EDITOR'S NOTE: A few months ago, a Pulsara client reached out with a question which we then consulted one of our other rock star clients about! Dave Edgar is Assistant Chief at the City of West Des Moines EMS, and is a champion Pulsara user. In addition, his expertise in EMS and hospital relations makes him a fantastic consultant for questions related to integrating teams and breaking down silos. We hope you enjoy this first "Dear Dave" post!
"Dear Dave - We want to increase utilization of Pulsara in our region but are having challenges getting some of the hospitals to participate. What are your recommendations for getting our local hospitals more engaged?"
Dear Fellow Pulsara Fan,
It's no secret -- gaining hospital support for anything that requires a change in process can be challenging. In my experience, there are three main questions you should be ready to answer when encouraging hospitals to participate in a new software like Pulsara. Hospitals want to know:
1. If they need special equipment (they don't).
2. Whether it is HIPAA compliant (It is).
3. If it is going to cost them anything -- we'll cover this conversation in Part 2 of this post.
In Des Moines, we work with two very large health systems and both systems rapidly approved Pulsara’s use once provided the detailed information on compliance and IT system requirements.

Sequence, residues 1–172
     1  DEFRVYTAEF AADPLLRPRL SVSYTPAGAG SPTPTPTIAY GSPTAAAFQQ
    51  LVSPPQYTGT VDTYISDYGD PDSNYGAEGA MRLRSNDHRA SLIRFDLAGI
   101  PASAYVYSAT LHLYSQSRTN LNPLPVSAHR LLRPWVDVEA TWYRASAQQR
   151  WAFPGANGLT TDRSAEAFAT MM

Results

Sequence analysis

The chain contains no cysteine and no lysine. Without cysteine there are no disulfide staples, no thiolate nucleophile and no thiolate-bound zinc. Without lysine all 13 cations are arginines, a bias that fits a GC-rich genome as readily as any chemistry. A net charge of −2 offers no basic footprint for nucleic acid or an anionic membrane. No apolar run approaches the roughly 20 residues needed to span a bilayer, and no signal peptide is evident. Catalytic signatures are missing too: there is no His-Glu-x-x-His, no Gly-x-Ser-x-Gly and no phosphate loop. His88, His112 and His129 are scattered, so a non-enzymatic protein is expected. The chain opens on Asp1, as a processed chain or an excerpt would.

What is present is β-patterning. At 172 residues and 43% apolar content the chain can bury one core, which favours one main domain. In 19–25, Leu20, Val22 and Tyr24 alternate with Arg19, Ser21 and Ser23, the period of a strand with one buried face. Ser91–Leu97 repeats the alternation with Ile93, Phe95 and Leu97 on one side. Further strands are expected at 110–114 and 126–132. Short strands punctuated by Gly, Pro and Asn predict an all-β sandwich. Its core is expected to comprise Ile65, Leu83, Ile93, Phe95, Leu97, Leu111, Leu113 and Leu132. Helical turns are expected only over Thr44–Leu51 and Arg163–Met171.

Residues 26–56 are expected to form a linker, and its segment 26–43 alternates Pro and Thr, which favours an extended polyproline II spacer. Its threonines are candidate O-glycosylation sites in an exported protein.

As a next step, I would suggest that you get as many of your area EMS providers using Pulsara (or if your region does not yet use Pulsara but would like to, gather those who are interested) together as possible, and then I would approach the hospitals in your area as a group. It will be much easier to move a hospital forward if they know an entire region of EMS is interested in bringing patients to hospitals that use Pulsara. Meet with the hospital or hospital system most likely to embrace the idea first. Once you get one hospital showing interest, it is easier and easier to get the others onboard -- no one wants to miss out on all the market share a Pulsara hospital gets over competitors!
Before you meet with the hospital staff, review the features of Pulsara and then decide which features might benefit that hospital most. Approach the hospital(s) with the ideas that will most improve their unique processes. For example, the hospital may be frustrated with getting patient registration information from EMS crews. Show them that EMS can quickly take a picture of a Driver's License and/or insurance card, and then transmit it instantly and securely to start the registration process prior to arrival.
Another example may be a subscription cost the hospitals may have to pay to other vendors in order to be able to receive 12 Lead EKGs. By using the Pulsara App to transmit a picture of the 12 lead (or the full ECG data if they use the ZOLL X-series monitor!), they no longer need to pay the cost for the 12 lead receiving stations. Once you establish an efficiency or cost benefit, they may be likely to participate or get other decision makers from their organization involved to make the decisions.
I hope this has been helpful! In part 2, we will discuss budget objections and how to navigate them.